Impressive Results with New Drugs for Advanced Prostate Cancer
Chicago, IL—The potential of 2 novel agents still in clinical trials, and 1 drug that was recently approved, offer new hope to patients with metastatic castrate- resistant prostate cancer (mCRPC), a disease with a dire prognosis and few good current treatment options.
One of the investigational agents, alpharadin (radium-223 chloride [R- 223]), may have just earned a chance for an expedited approval by the US Food and Drug Administration (FDA) because of its positive results.
R-223 is a first-in-class alpha-emitter radioisotope pharmaceutical, which targets bone metastases with its highenergy alpha radiation, thereby affecting prostate metastatic cells. However, because of its short-range effects, it spares the patient’s bone marrow.
In 2 phase 2 clinical trials reported at the 2011 ASCO Annual Meeting, R-223 was tested in mCRPC patients with bone metastasis (N = 101). The combined aim of the trials was to determine if normalization of levels of alkaline phosphatase (ALP), a marker of bone metabolism, could be taken as a surrogate for R-223 efficacy.
In both trials—one a randomized, placebo-controlled study (N = 64) and the other a dose escalation trial (N = 117)—ALP normalization was strongly correlated with overall survival (OS).
In both trials, the median survival was 102 weeks in patients with ALP normalization versus <58 weeks for those without ALP. In the dose-escalation study, treatment response increased with the increasing dose.
Of note, approximately 50% of patients treated with R-223 did not achieve ALP normalization, indicating ALP as a potentially good marker to gauge patient response.
Phase 3 Trial Terminated Early
Within hours of these findings being reported at the meeting, R-223 manufacturer announced off-site that an interim analysis of their R-223 phase 3 trial in mCRPC (N = 922) produced such impressive results that the trial was immediately halted in accordance with the recommendation of the Independent Data Monitoring Committee.
In patients with mCRPC and bone metastases, R-223 treatment resulted in an OS of 14.0 months versus 11.2 months for placebo.
Lead investigator Chris Parker, MD, of the Royal Marsden Hospital, said, “Approximately 90% of men with advanced prostate cancer have bone metastases, which are the main cause of disability and death in this disease.” Based on the observed survival benefits of these 3 trials, R-223 is expected to become an important treatment option for this patient population.
Surprising Results with Cabozantinib
A second surprise was reported for the novel agent cabozantinib, an inhibitor of tumor growth and metastasis signaling pathways involving MET and vascular endothelial growth factor receptor 2. In a phase 2 clinical trial, patients with mCRPC and progressive measurable disease received 100 mg of cabozantinib daily; response was assessed at 6 and 12 weeks.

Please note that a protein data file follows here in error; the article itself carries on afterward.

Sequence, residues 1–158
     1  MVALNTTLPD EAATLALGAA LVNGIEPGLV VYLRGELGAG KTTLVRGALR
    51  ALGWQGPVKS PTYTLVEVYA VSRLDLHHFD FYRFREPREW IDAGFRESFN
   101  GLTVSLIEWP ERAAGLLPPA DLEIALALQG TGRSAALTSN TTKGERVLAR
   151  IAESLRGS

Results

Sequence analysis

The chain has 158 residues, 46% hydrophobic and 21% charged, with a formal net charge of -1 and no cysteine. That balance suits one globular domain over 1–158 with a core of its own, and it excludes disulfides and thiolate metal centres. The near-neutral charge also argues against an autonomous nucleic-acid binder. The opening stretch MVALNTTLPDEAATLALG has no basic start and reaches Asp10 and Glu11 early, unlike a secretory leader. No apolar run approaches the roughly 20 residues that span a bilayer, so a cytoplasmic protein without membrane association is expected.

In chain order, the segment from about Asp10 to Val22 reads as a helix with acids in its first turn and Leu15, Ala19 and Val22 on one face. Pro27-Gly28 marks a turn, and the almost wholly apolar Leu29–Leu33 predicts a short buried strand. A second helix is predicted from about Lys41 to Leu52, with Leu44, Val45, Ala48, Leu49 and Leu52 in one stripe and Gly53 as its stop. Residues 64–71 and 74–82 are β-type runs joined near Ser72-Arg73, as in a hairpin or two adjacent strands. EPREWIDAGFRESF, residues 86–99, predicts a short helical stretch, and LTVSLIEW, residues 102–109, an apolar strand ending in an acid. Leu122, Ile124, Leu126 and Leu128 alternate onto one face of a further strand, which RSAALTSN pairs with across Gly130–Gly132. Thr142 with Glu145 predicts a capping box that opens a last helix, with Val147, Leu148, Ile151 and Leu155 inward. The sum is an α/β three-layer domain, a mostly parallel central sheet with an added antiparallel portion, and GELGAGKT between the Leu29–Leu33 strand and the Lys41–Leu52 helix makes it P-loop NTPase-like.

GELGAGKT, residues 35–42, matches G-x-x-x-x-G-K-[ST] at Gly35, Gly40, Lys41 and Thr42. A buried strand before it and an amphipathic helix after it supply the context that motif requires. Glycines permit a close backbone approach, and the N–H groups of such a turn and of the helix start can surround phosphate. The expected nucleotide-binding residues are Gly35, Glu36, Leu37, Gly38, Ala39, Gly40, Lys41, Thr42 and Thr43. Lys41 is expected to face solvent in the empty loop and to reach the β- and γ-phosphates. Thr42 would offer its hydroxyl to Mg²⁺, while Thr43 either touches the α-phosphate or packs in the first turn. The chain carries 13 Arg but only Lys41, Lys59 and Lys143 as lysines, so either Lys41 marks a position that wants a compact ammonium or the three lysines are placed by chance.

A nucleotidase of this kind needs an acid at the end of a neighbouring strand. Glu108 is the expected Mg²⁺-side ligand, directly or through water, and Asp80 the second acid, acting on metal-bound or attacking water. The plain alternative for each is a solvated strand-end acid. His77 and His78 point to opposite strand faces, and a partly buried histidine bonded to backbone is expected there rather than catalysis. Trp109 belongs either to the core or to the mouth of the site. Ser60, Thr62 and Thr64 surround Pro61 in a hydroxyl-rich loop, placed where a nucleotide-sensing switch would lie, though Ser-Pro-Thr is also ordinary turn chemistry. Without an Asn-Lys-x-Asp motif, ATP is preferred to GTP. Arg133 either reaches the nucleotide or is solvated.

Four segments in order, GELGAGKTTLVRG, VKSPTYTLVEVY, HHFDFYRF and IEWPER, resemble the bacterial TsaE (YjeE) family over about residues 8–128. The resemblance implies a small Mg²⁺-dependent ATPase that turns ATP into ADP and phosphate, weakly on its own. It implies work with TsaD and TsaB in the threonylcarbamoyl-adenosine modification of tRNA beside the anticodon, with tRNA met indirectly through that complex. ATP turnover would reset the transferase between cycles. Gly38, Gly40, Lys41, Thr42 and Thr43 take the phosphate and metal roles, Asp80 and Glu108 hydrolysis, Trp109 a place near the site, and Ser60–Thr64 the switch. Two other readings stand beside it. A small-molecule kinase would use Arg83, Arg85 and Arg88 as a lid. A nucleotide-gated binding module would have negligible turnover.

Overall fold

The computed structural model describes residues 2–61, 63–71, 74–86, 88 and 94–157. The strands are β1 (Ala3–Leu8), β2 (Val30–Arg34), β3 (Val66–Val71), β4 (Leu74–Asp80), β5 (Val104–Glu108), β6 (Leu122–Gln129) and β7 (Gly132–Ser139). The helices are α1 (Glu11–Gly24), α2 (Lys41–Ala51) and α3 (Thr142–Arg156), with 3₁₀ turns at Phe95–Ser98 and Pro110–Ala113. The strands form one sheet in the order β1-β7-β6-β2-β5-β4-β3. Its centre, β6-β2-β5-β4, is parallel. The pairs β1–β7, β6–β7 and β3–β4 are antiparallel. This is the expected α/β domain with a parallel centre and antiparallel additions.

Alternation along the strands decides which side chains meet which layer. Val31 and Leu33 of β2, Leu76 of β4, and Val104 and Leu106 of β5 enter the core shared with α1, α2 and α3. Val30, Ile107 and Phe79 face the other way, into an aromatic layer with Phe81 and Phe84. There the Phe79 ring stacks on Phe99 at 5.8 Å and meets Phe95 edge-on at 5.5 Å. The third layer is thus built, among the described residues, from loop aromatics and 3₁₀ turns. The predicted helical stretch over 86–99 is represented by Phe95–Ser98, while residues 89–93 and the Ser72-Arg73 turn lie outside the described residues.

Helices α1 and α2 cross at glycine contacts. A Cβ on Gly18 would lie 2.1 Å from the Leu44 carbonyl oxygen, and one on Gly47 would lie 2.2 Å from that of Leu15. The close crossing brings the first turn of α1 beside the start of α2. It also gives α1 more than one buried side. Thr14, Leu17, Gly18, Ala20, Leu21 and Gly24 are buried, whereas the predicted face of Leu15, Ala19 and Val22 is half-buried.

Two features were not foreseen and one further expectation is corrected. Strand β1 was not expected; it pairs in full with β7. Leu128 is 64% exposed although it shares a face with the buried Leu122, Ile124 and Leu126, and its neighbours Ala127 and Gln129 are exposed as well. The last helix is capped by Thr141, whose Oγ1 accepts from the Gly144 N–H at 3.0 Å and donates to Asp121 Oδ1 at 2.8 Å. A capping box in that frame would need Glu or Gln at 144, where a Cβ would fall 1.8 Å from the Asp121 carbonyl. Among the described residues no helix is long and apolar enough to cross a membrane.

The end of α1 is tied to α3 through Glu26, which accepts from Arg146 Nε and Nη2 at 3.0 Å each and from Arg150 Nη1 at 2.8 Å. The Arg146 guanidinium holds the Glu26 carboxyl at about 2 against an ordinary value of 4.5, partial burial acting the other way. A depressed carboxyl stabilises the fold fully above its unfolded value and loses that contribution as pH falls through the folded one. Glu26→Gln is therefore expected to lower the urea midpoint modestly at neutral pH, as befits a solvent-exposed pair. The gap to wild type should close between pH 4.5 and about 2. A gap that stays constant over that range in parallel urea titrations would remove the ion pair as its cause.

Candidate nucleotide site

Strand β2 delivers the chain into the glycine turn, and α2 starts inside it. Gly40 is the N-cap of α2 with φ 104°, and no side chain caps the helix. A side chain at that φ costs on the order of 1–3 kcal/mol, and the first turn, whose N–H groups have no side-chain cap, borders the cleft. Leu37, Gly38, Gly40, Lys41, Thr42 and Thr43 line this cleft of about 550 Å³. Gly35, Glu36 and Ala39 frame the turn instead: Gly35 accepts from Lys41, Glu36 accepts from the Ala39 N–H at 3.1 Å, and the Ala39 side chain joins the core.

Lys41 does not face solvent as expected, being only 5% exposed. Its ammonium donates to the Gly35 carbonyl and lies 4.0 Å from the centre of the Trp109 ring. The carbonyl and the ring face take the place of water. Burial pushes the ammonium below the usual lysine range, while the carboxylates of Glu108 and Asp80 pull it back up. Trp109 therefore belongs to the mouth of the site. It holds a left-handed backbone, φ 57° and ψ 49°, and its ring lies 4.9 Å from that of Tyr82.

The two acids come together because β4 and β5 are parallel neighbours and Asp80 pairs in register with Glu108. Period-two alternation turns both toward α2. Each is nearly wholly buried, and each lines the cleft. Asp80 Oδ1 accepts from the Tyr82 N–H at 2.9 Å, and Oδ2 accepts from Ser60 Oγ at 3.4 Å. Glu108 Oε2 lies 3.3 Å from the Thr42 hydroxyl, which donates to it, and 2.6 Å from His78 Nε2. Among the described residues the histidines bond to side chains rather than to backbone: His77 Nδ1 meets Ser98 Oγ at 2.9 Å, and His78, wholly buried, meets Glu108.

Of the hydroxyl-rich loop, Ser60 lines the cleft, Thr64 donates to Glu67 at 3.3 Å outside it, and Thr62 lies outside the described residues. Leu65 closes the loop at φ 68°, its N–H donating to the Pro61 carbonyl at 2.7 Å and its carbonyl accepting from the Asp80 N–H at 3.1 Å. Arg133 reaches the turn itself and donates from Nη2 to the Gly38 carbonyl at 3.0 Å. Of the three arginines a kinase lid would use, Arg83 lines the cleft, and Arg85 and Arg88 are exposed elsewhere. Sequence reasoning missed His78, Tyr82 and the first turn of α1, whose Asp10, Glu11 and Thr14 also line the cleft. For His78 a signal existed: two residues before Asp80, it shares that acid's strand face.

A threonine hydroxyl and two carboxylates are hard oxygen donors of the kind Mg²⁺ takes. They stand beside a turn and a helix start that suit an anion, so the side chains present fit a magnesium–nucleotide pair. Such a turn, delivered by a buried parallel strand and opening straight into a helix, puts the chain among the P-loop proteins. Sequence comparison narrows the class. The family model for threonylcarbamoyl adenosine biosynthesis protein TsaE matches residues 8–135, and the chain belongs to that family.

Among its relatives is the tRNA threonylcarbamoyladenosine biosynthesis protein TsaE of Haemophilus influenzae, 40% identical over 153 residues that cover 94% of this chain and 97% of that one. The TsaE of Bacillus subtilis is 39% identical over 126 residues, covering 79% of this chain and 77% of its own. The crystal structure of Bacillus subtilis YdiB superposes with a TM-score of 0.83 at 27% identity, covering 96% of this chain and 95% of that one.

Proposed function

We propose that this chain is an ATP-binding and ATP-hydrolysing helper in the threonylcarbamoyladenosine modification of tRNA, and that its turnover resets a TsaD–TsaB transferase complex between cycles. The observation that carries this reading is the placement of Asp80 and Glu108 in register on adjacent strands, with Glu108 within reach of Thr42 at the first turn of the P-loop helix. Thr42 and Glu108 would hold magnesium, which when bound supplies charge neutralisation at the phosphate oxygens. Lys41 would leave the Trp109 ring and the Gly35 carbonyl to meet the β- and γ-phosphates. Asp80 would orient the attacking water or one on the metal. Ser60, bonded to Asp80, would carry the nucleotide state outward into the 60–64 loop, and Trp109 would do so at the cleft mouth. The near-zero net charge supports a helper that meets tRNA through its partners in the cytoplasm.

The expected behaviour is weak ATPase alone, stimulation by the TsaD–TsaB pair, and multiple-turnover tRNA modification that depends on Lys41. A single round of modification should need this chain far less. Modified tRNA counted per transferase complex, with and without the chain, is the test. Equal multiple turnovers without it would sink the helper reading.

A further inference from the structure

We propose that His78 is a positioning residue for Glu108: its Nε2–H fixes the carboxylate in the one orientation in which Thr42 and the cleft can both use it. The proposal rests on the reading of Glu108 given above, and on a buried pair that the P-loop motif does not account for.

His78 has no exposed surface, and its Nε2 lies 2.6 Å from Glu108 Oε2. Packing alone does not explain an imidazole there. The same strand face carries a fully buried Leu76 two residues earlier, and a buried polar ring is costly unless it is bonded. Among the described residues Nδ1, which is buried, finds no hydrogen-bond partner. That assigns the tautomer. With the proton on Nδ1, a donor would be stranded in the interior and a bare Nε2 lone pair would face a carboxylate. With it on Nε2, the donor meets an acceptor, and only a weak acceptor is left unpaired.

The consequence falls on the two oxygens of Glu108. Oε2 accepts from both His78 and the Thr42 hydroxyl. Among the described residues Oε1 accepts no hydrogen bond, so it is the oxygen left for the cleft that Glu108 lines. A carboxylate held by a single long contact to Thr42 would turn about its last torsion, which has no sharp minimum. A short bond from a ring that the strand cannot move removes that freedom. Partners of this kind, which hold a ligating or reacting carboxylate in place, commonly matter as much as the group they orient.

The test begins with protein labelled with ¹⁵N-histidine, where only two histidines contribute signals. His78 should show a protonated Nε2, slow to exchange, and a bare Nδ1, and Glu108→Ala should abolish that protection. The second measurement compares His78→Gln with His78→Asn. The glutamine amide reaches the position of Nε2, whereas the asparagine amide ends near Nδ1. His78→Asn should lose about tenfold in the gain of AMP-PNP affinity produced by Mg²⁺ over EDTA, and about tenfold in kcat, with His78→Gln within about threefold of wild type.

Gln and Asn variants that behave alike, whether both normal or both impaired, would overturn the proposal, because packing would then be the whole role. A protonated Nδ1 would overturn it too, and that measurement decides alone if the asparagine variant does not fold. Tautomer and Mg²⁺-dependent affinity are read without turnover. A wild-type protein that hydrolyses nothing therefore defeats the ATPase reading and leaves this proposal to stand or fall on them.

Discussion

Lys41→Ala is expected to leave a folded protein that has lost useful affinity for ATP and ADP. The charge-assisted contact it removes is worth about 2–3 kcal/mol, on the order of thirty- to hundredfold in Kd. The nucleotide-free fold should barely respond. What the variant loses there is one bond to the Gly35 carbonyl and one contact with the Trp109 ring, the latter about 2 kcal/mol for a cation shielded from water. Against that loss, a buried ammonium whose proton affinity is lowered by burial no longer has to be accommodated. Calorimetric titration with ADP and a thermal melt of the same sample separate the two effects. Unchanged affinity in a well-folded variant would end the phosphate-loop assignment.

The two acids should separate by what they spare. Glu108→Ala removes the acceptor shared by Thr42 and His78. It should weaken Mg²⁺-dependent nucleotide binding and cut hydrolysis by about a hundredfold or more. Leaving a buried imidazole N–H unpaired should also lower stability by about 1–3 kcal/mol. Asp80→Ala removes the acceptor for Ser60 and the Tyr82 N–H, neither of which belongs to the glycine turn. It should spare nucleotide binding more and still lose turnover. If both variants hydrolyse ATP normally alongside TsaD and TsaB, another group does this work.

Although the trial was slated to recruit up to 200 patients, accrual was halted at 168 patients, because of early observed rates of robust clinical activity. Interim analysis for cabozantinibtreated patients showed bone metastases shrinking in 76% of subjects.
Of the 108 patients evaluable for bone scan, 21 demonstrated complete resolution of bone lesions and 61 had partial shrinkage—these lesions can lead to bone fractures, severe pain, and eventual death.
Study investigators reported that, “Cabozantinib showed clinical activity regardless of prior treatment with docetaxel,” indicating that patients were still responsive to agents like cabozantinib.
Progress with Abiraterone
After an expedited 6-month review, the novel agent abiraterone acetate (Zytiga) was approved by the FDA in April 2011. Since then, physicians have been using the drug in patients who have been previously treated with the standard treatment ketoconazole (Nizoral), a molecule with a similar mechanism of action to abiraterone.
As the transition from the old standard treatment to the one showing superior efficacy goes forward, the question is, would patients receiving ketoconazole before treatment be resistant to abiraterone? (Patients taking ketoconazole were excluded from the abiraterone registration trial.)
An interim analysis for the first 14 ketoconazole-experienced patients with mCRPC was reported at the meeting. Median follow-up was 13.1 weeks. Treatment response was defined as percent decline in prostate-specific antigen (PSA) from baseline.
Results showed that abiraterone therapy induced a ≥50% decline in PSA at 12 weeks in 3 of 14 patients, and a ≥30% decline in 6 of 14 patients.
Of the patients without a ≥30% PSA decline, 1 had developed Response Evaluation Criteria In Solid Tumors– defined disease progression at 12 weeks and the remainder had stable disease.
Although accrual for this trial is ongoing, results thus far are promising. Trial investigators did comment, however, that the lower responses observed in this study compared with ketoconazole-naïve patients with mCRPC suggests the potential for overlapping mechanisms of resistance.